Throughout the history of Christianity there have been devout and pious persons who presented their interpretations as if they were equivalent to the Word of God: “If you don’t believe what I believe, then you are going against God!” “If you don’t interpret the Bible the way I do, then you have rejected the authority of the Word of God.” Jehovah’s Witnesses make the same claim, as well as do a multitude of other interpreters. There is no doubt that many interpreters endeavor to understand and interpret the Word of God faithfully. Everyone believes that his interpretation is good and right and accurate. No one holds to a belief that he thinks is wrong. However, believing that one’s interpretation is good and right and accurate is not the same as believing that one’s interpretation is equivalent to the Word of God. We all are, after all, finite and fallible human beings. Many beliefs and interpretations we get right, or think we get right, can be mixed with error.
Many passages of the Bible are perspicuous (that is, ‘clearly expressed and easily understood’). The perspicuity of the Gospel was an important conviction of the Reformation theologians. However, there are also passages in the Bible that are more difficult to understand concerning which there are often may conflicting points of view. Even Peter recognized this fact: “And regard the patience of our Lord as salvation, just as also our dear brother Paul wrote to you, according to the wisdom given to him, speaking of these things in all his letters. Some things in these letters are hard to understand, things the ignorant and unstable twist to their own destruction, as they also do to the rest of the scriptures” (2 Pet. 3:15–16). Every interpreter must diligently study in his efforts to interpret the Bible. It is a life-long process of study and learning, and there are some passages which an interpreter holds to tentatively simply because we are all fallible, that is, capable of making errors. Indeed there are even controversies over which passages are more easily understood and which are more difficult. There are many beliefs which I hold uncompromisingly and dogmatically—such as the virgin birth, the resurrection, the deity of Christ, the inerrancy of the Word of God, and that God created the universe out of nothing. Nevertheless there are many interpretations of passages concerning which I am open to hear what others say so that I might learn more and do a better job of interpretation. There are many interpretations that should held with humility, even though with conviction.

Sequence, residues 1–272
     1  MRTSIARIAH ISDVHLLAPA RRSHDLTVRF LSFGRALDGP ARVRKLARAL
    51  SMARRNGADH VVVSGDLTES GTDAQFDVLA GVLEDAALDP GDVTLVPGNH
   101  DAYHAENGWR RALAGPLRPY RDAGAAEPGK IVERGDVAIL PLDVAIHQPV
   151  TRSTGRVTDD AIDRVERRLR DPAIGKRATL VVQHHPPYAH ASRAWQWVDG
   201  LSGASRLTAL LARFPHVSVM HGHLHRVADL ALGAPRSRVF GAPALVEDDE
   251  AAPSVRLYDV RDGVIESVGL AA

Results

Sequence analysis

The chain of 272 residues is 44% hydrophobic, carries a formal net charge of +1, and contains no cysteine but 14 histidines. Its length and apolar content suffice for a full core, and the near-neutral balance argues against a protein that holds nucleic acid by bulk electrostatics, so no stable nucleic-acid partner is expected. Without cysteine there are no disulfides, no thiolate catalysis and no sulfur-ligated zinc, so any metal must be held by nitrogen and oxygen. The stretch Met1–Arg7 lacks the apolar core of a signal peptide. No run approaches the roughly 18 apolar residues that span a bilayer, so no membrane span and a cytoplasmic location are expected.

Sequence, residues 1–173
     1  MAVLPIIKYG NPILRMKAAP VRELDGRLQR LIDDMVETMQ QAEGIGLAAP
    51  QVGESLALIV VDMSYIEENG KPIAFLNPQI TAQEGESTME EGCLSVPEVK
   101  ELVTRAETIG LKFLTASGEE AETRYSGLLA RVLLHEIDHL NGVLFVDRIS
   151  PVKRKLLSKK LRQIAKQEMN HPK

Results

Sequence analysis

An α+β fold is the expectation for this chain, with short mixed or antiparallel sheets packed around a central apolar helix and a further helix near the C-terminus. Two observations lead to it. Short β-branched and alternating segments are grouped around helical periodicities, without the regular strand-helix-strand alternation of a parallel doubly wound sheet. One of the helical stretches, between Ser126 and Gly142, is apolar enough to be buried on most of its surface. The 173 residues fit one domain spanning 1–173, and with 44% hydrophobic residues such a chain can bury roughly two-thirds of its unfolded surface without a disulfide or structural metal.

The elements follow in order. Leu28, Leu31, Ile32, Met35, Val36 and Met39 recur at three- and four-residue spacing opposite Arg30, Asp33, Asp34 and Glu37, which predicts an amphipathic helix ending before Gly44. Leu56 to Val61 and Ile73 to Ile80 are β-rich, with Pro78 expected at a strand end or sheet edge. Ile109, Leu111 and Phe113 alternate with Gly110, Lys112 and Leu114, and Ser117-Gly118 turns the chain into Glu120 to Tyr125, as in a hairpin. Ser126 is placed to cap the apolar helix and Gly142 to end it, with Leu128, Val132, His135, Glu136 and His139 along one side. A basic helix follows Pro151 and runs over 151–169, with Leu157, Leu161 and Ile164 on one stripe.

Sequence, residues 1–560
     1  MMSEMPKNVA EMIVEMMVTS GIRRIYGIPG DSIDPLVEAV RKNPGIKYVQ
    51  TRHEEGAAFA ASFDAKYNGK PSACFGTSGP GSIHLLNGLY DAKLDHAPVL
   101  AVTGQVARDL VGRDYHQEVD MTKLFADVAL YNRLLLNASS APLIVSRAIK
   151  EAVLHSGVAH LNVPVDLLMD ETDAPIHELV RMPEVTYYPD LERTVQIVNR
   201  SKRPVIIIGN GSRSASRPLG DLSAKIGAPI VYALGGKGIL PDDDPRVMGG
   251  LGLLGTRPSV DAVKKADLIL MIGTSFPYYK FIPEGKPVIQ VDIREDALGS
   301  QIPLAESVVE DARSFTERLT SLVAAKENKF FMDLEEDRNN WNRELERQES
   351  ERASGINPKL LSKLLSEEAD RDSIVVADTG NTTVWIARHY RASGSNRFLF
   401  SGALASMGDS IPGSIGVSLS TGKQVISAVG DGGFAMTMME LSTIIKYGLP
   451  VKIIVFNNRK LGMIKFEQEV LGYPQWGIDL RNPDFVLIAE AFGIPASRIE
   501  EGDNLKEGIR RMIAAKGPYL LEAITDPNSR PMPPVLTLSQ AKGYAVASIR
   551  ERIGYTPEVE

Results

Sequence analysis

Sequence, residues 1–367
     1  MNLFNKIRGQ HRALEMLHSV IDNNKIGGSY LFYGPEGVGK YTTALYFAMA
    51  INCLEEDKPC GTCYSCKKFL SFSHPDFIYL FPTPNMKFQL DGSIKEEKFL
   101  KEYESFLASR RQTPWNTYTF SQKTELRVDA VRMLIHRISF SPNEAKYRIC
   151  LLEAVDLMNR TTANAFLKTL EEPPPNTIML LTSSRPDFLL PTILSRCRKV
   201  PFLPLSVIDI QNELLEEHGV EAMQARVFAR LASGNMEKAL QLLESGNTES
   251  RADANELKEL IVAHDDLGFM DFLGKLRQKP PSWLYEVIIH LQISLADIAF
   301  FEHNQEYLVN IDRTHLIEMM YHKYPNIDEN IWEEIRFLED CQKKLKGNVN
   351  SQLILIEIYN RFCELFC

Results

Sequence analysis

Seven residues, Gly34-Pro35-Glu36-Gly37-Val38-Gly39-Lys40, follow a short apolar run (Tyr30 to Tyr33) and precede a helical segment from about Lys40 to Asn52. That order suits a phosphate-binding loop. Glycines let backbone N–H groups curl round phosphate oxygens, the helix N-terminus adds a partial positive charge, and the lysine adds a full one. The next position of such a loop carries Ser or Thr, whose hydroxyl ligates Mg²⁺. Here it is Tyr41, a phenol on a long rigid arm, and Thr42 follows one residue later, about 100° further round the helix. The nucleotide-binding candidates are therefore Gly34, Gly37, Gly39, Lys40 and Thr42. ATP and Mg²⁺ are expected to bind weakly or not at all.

I am personally a young-earth creationist. However, I am not willing to say that my interpretation is equivalent to the Word of God, or that people who reject my interpretations, such as those of my fellow professors who are old-earth inerrantists, reject the authority of the Word of God. Yet this is the claim made by Ken Ham. With reference to the discussion/debate between Ken Ham and Richard Howe, Ham says, “I challenged this professor (more than once) that the age issue was an authority one, whether one stands uncompromisingly on the authority of the Word of God or allows man’s fallible ideas to be used in authority over God’s Word.”¹ There is, of course, a self-reference problem with Ham’s assertion. He presents the dilemma as holding to the authority of the Word of God or allowing man’s fallible ideas to be used in authority over the Word of God. But, isn’t Ken Ham a fallible man? Isn’t he presenting his interpretation as the authority concerning what the Bible says? If indeed we should hold to the authority of the Word of God rather than the fallible ideas of men, does it not follow that we should not hold Ken Ham’s ideas since he, like all the rest of us, is a fallible man?
We cannot make the mistake of rejecting anyone’s claims on the basis of who is making the claim. The source of a truth claim is not a test of the truth or falsehood of the claim itself. As Aristotle put it, “He who says of what is not, that it is not, or of what is, that it is, he speaks truth. He who says of what is not that it is, or of what is that it is not, he speaks false.” No doubt someone will object that I am taking the claims of a pagan Aristotle as authority over the Word of God. Aristotle’s claim simply means, truth corresponds to reality. The Word of God assumes the accuracy of this claim because it operates on the assumption that what the Word of God asserts is truth; it corresponds to reality. And the Word of God assumed this truth-claim long before Aristotle put it into his straightforward statement.
But we are not making this error here. We are not considering Ken Ham’s claims because they come from Ken Ham. Rather, we are considering his claims on whether they correspond to the way things are, and in fact, they don’t. We can see this because Ken Ham’s claim judges itself, and it fails its own test. If we are to hold to the authority of the Word of God over the fallible ideas of fallible men, then we must hold the authority of the Word of God over Ken Ham’s fallible ideas because he is a fallible man. Although I agree with Ken Ham as a young-earth creationist, I cannot agree with him that his interpretations are equivalent to the very Word of God.